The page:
More than 900 people are expect to crowd into the Historic Ashland Armory starting at noon Sunday for the 37th annual Ashland Christmas Dinner, a humongous feast sponsored by the Ashland Christian Fellowship, with 200 volunteers from the church and community serving up 36 turkeys, 80 apple and pumpkin pies, stuffing, salad and all the usual trimmings — with lots of live music and socializing as the main event.
The legendary repast is mostly cooked at the fellowship near the corner of Oak and Hersey streets starting at 5 in the morning and then schlepped up two blocks to the Armory, where space is donated by owner Alan DeBoer, a fellowship member. Author P.K. Hallinan, another fellowship member, and his band provide live music. Carols will be sung during the four-hour event. All are welcome, whether homeless or wealthy, says M. Kim Lewis, a main organizer of the free event.
The event, one of the mainstay happenings of the Ashland holiday season, started in 1980 when members rented the city parks building in Lithia Park and were amazed by 250 hungry — and often lonely — celebrants who turned out, salivating for turkey and trimmings, along with some socializing.
“We do it because we believe in the words of the Bible," Lewis says, "where Jesus says ‘It is more blessed to give than to receive.’ There’s no greater feeling than to give, in the spirit of Christ and we celebrate that gift. It’s a non-religious event, though and anyone can come.”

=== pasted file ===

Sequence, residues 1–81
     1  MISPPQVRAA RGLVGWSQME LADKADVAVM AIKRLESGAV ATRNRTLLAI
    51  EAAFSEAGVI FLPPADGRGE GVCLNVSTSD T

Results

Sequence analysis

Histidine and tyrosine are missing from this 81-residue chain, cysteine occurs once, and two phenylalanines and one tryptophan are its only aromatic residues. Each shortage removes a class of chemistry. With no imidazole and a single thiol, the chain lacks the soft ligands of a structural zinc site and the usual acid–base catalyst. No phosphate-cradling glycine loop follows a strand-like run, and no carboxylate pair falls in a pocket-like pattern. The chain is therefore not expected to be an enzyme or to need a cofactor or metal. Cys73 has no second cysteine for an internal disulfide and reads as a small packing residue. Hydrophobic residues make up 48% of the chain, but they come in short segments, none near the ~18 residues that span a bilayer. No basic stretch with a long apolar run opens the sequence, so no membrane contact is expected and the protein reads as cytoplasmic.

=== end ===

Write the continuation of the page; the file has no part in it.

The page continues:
The raft of volunteers will also take some 50 meals to shut-ins and to the Donald E. Lewis Senior Retirement Center. The ACF pays for two-thirds of the considerable feast, while community donations cover the rest. Any leftovers go to Food Angels.
“The chef from Southern Oregon University is in charge of the cooking and it’s going to be very high quality cuisine, in the style of the best restaurants,” says Lewis, who notes that he gets to meet scores of old friends in a celebratory setting, people he doesn’t normally bump into.
His wife, Ginny, adds, “It’s a great gift to the community to be able to give this for so many people and make so many happy. A lot of these people don’t get smiles every day, but this brings lots of Christmas cheer.”
Church administrator Barbara Smith, who volunteered at the very first feast, says church members, only about 50 people in those days, did all the cooking and “we had no idea who would come. We were in a prayer circle and heard a knocking at the door and they asked if this is where the Christmas dinner was and they flooded in. Harry & David gave us apples and we put candles in them. Patti McCoy was playing piano. It was a very special time. It’s amazing what it’s become over the years. People love to take pie and coffee and tell stories. It’s always about feeding people both physically and emotionally.”
Jim Fieguth, a church member and director of the feast, says it is so popular and high-spirited that many more people volunteer than can be used and “it’s all the biggest blessing.”
“Many hands make light work,” says Lewis, citing an English proverb attributed to 16th-century English writer John Heywood.
John Darling is an Ashland freelance writer. Reach him at firstname.lastname@example.org.